Black Dignity: The Struggle Against Domination

Yale University Press (2022)

Abstract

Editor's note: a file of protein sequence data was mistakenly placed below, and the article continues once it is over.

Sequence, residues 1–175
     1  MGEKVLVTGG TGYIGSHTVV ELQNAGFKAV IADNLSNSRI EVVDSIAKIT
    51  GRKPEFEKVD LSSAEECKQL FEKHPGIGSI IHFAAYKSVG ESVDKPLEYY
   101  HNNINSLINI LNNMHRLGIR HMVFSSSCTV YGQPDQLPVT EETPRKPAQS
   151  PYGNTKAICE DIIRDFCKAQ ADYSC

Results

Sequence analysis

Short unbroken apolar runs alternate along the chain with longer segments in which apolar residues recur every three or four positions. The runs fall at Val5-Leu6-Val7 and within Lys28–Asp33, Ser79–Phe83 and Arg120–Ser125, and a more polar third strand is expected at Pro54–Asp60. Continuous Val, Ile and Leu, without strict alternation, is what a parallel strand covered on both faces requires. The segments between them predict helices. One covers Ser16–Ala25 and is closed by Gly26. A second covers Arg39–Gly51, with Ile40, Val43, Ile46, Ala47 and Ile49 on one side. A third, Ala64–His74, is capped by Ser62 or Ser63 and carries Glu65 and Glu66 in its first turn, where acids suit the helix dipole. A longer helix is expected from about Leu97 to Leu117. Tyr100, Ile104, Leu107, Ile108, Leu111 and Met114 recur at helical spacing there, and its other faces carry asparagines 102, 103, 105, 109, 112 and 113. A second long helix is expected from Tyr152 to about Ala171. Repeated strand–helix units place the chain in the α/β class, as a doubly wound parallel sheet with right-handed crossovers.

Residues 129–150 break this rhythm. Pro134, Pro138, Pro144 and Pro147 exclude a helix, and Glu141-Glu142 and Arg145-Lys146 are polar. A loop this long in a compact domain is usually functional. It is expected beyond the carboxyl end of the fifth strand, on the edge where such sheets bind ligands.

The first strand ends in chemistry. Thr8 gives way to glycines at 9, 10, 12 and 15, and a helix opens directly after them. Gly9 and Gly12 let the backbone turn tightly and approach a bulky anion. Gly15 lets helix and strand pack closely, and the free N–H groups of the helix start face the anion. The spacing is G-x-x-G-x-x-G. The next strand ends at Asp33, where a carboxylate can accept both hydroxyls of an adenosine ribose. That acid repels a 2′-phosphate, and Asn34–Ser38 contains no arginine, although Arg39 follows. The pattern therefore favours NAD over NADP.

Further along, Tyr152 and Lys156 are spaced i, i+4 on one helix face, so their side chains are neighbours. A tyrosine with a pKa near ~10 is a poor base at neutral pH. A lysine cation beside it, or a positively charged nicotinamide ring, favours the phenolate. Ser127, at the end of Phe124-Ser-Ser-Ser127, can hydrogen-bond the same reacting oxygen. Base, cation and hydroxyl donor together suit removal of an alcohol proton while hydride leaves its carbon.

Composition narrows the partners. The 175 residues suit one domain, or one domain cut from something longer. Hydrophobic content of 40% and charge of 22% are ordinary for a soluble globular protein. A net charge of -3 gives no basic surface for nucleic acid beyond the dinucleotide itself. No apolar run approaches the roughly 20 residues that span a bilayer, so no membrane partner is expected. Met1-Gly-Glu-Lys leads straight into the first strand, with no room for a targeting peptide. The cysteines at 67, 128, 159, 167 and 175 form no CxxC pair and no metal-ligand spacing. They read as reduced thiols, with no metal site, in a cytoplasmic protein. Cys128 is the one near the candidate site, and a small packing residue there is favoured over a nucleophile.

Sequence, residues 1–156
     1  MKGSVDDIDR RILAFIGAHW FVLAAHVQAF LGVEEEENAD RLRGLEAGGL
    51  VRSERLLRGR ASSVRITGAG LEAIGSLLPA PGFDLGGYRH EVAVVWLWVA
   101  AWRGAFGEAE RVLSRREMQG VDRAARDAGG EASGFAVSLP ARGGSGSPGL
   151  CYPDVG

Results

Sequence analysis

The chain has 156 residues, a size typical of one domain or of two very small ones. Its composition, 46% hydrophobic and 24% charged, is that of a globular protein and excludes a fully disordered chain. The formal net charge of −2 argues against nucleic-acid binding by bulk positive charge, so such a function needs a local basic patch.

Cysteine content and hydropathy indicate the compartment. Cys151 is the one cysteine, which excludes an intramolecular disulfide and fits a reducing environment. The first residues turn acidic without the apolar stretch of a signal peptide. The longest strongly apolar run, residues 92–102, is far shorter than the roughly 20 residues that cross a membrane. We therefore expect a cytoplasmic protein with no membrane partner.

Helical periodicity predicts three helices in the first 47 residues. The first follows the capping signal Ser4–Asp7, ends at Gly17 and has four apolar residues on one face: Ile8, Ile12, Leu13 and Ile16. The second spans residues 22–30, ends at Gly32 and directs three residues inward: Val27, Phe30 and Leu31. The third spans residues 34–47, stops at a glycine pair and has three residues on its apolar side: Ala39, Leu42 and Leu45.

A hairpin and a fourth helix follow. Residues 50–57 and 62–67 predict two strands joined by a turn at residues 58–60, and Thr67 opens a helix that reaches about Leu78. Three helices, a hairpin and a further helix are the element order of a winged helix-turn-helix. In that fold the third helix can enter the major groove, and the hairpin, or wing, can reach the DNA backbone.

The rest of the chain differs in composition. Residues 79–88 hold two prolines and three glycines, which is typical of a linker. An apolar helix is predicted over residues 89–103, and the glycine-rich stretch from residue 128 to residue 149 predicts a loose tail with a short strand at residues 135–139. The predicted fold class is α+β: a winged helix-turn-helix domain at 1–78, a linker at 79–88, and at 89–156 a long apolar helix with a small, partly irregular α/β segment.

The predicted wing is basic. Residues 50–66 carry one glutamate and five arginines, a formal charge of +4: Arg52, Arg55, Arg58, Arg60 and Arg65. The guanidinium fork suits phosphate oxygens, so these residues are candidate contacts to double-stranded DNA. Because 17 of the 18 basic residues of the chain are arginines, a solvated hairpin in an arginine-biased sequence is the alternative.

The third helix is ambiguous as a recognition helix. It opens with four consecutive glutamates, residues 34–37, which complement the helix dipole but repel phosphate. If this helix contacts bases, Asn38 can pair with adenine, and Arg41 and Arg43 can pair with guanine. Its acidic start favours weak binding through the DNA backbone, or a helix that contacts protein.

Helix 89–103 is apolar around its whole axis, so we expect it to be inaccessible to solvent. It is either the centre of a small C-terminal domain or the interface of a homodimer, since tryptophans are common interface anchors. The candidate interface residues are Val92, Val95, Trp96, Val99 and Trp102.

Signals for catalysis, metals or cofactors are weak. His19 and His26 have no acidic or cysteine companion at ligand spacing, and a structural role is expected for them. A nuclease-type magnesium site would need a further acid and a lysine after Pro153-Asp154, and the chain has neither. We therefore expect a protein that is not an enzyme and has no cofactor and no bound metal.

_Why Black dignity is the paradigm of all dignity and Black philosophy is the starting point of all philosophy_ This radical work by one of the leading young scholars of Black thought delineates a new concept of Black dignity, yet one with a long history in Black writing and action. Previously in the West, dignity has been seen in two ways: as something inherent in one's station in life, whether acquired or conferred by birth; or more recently as an essential condition and right common to all of humanity. In what might be called a work of observational philosophy—an effort to describe the philosophy underlying the Black Lives Matter movement—Lloyd defines dignity as something performative, not an essential quality but an action: struggle against domination. Without struggle, there is no dignity. He defines anti-Blackness as an inescapable condition of American life, and the slave’s struggle against the master as the “primal scene” of domination and resistance. Exploring the way Black writers such as Frederick Douglass, Langston Hughes, and Audre Lorde have dealt with themes such as Black rage, Black love, and Black magic, Lloyd posits that “Black dignity is the paradigm of all dignity” and, more audaciously, that “Black philosophy is the starting point of all philosophy.”

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